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Reclaim your work-life balance for good

August 6, 2018

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By Geoff Lawrence, marketing director at Vistage UK

Bosses across the UK are burning the candle at both ends, putting both their well-being and business performance at risk. In fact, we found that more than a third (36 per cent) of SME CEOs and business owners struggle to completely switch off from work when on holiday. This inability to maintain a healthy work-life balance is not only negatively impacting their bottom line, it’s setting a poor example for junior management and putting their own health at risk .


The myth of a work-life balance

While many of us strive to achieve it, improve it or find it – do we really know what “it” is when we talk about having a work-life balance?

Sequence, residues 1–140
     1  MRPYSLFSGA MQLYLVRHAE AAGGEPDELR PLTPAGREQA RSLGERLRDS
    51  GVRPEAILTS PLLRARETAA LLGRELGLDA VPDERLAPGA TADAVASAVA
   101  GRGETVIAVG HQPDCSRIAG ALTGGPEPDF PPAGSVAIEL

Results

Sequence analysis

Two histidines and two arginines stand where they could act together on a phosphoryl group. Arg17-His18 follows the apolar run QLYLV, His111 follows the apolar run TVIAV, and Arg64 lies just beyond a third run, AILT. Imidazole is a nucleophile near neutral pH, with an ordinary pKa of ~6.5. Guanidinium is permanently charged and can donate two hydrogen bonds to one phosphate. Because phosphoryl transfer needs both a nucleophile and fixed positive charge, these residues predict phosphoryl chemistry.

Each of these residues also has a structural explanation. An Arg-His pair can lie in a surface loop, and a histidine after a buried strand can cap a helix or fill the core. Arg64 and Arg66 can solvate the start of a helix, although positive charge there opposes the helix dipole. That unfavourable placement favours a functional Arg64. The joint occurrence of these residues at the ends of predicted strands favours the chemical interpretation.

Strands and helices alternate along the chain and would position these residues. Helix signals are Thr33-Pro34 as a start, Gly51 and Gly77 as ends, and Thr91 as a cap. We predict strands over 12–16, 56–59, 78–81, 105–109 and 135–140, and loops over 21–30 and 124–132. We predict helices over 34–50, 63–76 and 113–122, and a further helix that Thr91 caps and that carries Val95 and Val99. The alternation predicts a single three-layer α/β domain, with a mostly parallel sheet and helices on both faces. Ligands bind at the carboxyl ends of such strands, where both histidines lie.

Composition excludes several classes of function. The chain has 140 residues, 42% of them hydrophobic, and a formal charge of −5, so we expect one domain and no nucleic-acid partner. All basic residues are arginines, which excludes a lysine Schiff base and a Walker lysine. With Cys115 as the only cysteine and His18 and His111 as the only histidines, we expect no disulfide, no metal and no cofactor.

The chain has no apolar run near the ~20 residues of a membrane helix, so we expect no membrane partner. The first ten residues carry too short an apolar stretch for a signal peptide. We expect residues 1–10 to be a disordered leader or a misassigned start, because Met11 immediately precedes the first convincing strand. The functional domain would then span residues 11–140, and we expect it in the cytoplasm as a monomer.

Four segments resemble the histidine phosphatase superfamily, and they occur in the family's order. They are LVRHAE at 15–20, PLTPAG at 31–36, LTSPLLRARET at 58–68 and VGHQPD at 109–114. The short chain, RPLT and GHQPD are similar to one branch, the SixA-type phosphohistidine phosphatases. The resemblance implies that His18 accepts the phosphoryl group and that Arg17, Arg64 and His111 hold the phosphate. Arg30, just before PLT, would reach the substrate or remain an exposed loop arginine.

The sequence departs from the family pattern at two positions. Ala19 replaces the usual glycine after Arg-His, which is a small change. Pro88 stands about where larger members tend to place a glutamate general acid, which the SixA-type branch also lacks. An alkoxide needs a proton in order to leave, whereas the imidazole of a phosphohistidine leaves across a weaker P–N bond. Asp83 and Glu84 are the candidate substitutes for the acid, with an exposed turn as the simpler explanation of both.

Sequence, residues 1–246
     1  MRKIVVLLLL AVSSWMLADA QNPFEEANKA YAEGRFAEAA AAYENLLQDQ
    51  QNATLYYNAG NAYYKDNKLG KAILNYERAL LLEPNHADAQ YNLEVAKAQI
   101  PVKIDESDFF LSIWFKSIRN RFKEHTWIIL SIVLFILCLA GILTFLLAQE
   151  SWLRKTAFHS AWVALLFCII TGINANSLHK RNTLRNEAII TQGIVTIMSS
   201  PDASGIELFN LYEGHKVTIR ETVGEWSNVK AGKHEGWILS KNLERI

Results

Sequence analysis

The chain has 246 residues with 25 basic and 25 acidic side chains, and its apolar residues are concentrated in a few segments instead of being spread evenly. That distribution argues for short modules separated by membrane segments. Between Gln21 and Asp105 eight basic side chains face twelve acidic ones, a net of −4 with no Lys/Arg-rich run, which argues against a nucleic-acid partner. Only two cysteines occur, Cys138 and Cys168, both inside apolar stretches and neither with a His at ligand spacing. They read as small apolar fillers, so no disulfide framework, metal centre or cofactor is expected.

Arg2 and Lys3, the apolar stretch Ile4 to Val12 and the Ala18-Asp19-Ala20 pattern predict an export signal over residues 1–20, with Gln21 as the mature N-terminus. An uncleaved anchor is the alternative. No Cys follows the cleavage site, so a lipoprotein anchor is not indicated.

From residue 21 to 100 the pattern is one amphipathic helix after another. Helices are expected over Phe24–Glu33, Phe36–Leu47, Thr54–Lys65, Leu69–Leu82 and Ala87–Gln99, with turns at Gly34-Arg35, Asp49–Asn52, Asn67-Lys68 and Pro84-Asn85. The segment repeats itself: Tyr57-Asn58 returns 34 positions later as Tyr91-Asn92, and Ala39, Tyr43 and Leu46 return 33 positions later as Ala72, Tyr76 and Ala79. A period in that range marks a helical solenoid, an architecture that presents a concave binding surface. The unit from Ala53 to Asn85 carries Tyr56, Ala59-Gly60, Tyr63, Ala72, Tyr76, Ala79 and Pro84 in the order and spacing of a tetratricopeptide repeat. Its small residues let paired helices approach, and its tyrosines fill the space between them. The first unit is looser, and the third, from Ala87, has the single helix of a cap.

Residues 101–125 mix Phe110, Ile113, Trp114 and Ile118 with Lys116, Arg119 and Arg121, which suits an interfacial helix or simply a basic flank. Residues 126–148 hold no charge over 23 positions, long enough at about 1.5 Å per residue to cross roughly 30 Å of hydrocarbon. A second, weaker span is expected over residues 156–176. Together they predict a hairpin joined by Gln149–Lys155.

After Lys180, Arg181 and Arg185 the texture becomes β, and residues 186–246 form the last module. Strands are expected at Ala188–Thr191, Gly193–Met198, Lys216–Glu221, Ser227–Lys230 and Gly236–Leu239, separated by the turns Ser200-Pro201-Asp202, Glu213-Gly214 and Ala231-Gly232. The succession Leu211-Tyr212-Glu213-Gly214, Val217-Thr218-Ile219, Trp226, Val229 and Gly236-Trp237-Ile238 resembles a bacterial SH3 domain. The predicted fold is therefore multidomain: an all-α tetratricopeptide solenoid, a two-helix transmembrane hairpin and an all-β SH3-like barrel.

On closer inspection, the idea of work-life balance is a misnomer – an ideal which leads us to believe that our work and home lives occupy two separate spaces, divided by an invisible line. In reality, the line is hugely blurred. According to a recent study from Harvard Business School, a CEO typically works 48.5 hours per week. This is a significant amount of time in one’s life, so instead of chasing an abstract notion about the balance between ‘work’ and ‘life’, it’s time to change the conversation.

In today’s increasingly mobile and community-oriented world, work-life balance has evolved into work-life blend. Striving for personal balance and wellbeing offers us a more holistic approach to achieving better productivity and happiness in all aspects of our lives. So how do you do it?


A healthier you equals a happier you

We all know the health benefits of eating well and exercising, yet many CEOs do not take the time to look after themselves – last year, FreeAgent found that 82 per cent of small and micro business owners worked through their illnesses, simply because they did not feel they could afford to take any time off. Ultimately, this behaviour only creates a bigger problem.